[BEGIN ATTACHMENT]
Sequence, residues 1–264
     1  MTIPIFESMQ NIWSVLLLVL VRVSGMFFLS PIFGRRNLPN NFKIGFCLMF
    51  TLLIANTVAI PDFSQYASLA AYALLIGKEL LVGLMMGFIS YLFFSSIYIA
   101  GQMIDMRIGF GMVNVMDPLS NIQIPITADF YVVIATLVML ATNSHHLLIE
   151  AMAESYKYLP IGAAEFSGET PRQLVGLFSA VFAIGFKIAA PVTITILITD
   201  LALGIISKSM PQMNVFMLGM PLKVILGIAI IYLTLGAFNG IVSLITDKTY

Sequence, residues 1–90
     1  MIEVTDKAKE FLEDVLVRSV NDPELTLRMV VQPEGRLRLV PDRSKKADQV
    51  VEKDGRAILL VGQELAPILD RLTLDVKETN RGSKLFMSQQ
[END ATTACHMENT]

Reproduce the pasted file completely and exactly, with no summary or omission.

Sequence, residues 1–264
     1  MTIPIFESMQ NIWSVLLLVL VRVSGMFFLS PIFGRRNLPN NFKIGFCLMF
    51  TLLIANTVAI PDFSQYASLA AYALLIGKEL LVGLMMGFIS YLFFSSIYIA
   101  GQMIDMRIGF GMVNVMDPLS NIQIPITADF YVVIATLVML ATNSHHLLIE
   151  AMAESYKYLP IGAAEFSGET PRQLVGLFSA VFAIGFKIAA PVTITILITD
   201  LALGIISKSM PQMNVFMLGM PLKVILGIAI IYLTLGAFNG IVSLITDKTY

Sequence, residues 1–90
     1  MIEVTDKAKE FLEDVLVRSV NDPELTLRMV VQPEGRLRLV PDRSKKADQV
    51  VEKDGRAILL VGQELAPILD RLTLDVKETN RGSKLFMSQQ